Australian property – both commercial and residential – remains attractive to foreign investors despite major tax barriers when entering the market, according to an expert.
HLB Mann Judd Melbourne partner Josh Chye stated that investor demand from markets, including Singapore, Hong Kong and Malaysia, remains strong and, if anything, has been increasing.
“New enquiries from mainland Chinese investors have scaled back significantly but other parts of the Asia Pacific region, including Singapore and Hong Kong, are consistently strong and Australia remains an attractive jurisdiction despite the relatively high taxation rates,” he said.
He explained that Australia’s relatively high taxation rate – both at a personal and corporate level – has served as a major deterrent for some investors looking to get into the country’s property market.
For perspective, the Land Down Under’s personal tax rate of 47 per cent is almost double Singapore’s rate of 22 per cent. This disparity is more evident when compared with Hong Kong’s rate of 17 per cent.
Adding to foreign investors’ pain, Mr Chye explained: “We also have higher than average tax costs for foreign buyers of real estate than our global neighbours, including on land tax.
“This has increased consistently over the past seven to 10 years at both the state and federal level, and the additional impost is a burden for foreign investors in real estate.”
The lack of consultation with industry players regarding the tax hikes in the last decade has led to some foreign buyers becoming “concerned and frustrated” with property transactions in the country, according to Mr Chye.
“When these buyers look to acquire a project, the numbers they put in might change and the costs for stamp duty or land tax may significantly – and unexpectedly – increase,” he said.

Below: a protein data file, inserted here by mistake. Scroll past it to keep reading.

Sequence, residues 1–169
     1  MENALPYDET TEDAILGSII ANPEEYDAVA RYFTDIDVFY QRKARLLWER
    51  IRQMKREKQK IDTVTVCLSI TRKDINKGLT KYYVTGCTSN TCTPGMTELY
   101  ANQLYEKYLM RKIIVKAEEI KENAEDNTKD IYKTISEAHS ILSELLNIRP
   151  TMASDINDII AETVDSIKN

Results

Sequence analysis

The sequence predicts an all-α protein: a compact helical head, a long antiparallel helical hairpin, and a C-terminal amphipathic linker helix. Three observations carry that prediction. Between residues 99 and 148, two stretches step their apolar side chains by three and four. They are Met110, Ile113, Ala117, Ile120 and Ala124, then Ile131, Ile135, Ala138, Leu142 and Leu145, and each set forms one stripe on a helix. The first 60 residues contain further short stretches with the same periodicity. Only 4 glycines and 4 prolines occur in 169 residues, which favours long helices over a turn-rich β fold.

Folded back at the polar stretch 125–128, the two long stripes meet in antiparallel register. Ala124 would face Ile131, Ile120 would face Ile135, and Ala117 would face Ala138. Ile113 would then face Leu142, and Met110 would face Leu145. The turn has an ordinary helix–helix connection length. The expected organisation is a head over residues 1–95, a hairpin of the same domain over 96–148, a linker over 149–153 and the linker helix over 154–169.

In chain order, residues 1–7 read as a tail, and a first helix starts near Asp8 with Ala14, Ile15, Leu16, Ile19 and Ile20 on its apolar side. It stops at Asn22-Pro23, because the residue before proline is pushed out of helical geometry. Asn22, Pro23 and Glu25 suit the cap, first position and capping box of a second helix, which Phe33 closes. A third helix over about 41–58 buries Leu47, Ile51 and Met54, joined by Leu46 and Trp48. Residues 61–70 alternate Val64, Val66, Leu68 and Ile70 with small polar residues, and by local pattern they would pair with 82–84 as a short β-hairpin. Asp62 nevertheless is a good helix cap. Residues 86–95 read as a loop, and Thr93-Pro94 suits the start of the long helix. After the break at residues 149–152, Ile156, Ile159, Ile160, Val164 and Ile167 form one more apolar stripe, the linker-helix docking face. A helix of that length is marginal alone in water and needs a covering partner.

But while the high tax rates in the country continue to have a major bearing on buying decisions, Mr Chye said that this is offset by Australia’s status as a beacon of stability for real estate investors.
He also noted that the strong price growth across the country — particularly in Sydney and Melbourne has also driven interest from foreign buyers.
“Prices have increased significantly over the last 18 months and there’s still no doubt Australia and its major cities are a huge attraction for foreign investors whether it be for business or personal reasons,” Mr Chye stated.
And while he acknowledged that China has significantly scaled back its presence in the local market, he expects a rebound in the coming months.
“The recent harsh lockdown restrictions in China have created more interest in investing here. The key challenge is not the desire but the ability for foreign capital to be physically transferred here, as certain countries have tightened their controls around money leaving the country,” he said.
Mr Chye said the current uncertainty in global markets is also unlikely to dampen interest in Australian property assets.
“Inflation and interest rate increases are common across the globe so if rates go up, it will put pricing pressure on property, however, the demand will still be there.
“The pricing pressure will be global so from that perspective, it should not detract from investors looking to acquire Australian property assets,” he said.
However, the expert also raised awareness about potential events that could upend this trend.
“[If] there continues to be a trend of continued tax increases or removing of tax concessions solely focused on foreign investors, this will no doubt hurt Australia’s reputation and standing as a stable jurisdiction for foreign investors into Australia,” he warned.
He further cautioned that this would make other markets such as the US, Canada and the United Kingdom will increasingly look more attractive as alternative destinations for real estate investments.